Evidence for its effectiveness
To be able to judge whether any health treatment is safe and effective, we need evidence.
Evidence on a treatment is gathered by conducting fair scientific tests.
Chiropractic is a health profession, rather than a single treatment. Evidence about chiropractic generally refers to one or more of the treatments that chiropractors can offer.
Studies that examine health treatments, including treatments offered by chiropractors, can reach different conclusions on whether the treatments are more effective. This can happen for various reasons, including differences in the design of the study, bias or simply chance. When this happens, more high-quality research is needed to determine whether the treatment is effective and safe.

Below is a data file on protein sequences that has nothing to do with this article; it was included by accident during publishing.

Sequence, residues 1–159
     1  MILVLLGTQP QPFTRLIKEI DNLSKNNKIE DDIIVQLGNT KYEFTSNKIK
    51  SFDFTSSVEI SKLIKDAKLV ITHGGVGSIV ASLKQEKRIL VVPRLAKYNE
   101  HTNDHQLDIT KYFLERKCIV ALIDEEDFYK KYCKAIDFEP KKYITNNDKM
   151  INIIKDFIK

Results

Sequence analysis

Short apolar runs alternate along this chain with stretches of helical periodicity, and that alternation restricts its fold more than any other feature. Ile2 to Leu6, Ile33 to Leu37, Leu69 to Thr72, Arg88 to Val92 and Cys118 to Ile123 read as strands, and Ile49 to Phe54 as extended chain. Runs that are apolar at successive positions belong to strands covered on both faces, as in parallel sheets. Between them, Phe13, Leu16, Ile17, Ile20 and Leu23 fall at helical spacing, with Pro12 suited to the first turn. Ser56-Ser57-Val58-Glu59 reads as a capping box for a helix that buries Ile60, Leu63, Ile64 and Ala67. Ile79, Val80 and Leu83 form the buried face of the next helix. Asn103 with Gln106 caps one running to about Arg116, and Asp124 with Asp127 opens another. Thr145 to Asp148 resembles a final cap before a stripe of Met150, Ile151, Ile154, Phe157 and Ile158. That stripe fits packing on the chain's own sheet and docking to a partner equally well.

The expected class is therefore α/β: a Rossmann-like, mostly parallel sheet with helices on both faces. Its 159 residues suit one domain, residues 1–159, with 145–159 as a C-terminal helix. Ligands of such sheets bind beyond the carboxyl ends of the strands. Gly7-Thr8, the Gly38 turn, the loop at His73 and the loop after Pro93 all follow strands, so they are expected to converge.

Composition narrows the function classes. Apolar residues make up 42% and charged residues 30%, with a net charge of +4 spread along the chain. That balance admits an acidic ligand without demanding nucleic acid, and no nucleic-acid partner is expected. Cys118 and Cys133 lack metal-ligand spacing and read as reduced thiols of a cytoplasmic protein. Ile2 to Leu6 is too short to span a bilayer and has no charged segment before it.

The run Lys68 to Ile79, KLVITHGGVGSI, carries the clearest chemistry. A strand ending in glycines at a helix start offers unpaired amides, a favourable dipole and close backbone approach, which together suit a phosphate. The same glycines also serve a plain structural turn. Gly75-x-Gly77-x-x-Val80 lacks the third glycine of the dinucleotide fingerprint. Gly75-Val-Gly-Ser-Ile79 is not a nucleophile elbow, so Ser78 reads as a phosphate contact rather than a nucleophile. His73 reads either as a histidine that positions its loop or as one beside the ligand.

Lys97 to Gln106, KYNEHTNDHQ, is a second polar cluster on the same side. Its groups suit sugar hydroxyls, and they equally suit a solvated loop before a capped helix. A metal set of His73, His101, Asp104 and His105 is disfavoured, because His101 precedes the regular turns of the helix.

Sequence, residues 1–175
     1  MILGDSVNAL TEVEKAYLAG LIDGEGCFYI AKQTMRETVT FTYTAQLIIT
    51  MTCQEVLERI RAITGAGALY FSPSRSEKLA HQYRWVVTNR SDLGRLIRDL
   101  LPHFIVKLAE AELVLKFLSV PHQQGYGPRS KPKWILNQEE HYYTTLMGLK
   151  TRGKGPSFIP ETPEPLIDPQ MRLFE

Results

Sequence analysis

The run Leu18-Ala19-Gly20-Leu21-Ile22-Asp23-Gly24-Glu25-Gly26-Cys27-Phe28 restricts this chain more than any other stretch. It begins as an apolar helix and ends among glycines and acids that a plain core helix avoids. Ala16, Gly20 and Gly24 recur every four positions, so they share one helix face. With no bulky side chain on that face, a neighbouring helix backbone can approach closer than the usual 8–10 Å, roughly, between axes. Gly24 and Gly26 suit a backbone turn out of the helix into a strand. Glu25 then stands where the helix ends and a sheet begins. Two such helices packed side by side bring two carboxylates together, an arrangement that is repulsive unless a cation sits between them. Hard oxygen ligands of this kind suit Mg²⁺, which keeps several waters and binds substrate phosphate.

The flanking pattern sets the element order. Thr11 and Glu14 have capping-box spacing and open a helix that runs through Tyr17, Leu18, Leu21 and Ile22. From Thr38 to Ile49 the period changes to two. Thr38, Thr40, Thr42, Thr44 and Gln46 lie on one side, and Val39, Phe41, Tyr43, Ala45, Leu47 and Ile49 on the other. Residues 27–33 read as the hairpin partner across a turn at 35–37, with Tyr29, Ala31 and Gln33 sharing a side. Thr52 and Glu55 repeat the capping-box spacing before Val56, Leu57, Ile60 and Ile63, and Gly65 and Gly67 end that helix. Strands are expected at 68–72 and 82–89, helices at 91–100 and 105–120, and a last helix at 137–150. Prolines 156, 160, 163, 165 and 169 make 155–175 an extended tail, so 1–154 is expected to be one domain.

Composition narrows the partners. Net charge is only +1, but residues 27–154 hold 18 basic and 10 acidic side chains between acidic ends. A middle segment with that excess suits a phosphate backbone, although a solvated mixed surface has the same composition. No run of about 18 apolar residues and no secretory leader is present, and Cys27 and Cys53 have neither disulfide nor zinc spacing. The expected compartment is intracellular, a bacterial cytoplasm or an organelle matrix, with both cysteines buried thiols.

There is good evidence available that chiropractic is an effective treatment for persistent lower back pain.
This means that scientific trials conducted to investigate the effect of chiropractic on lower back pain found that it did have a beneficial effect.
A 2011 Cochrane review of studies of chiropractic intervention – treatments offered by chiropractors, including spinal manipulation – found that it is not possible to confirm or refute that chiropractic treatments are any more effective than conventional treatments for persistent lower back pain.
Conventional treatments include painkillers, exercise and physiotherapy.
Some positive evidence
There is some evidence that manipulation of bones, joints and soft tissue, as practised by chiropractors, may be an effective treatment for some other musculoskeletal problems. These include:
- acute (new-onset) back pain
- acute and sub-acute neck pain
- chronic neck pain when combined with exercise
- shoulder girdle pain
- frozen shoulder
- tennis elbow
- hip osteoarthritis
- knee osteoarthritis – some kinds of knee pain and some kinds of heel pain
- migraine and headache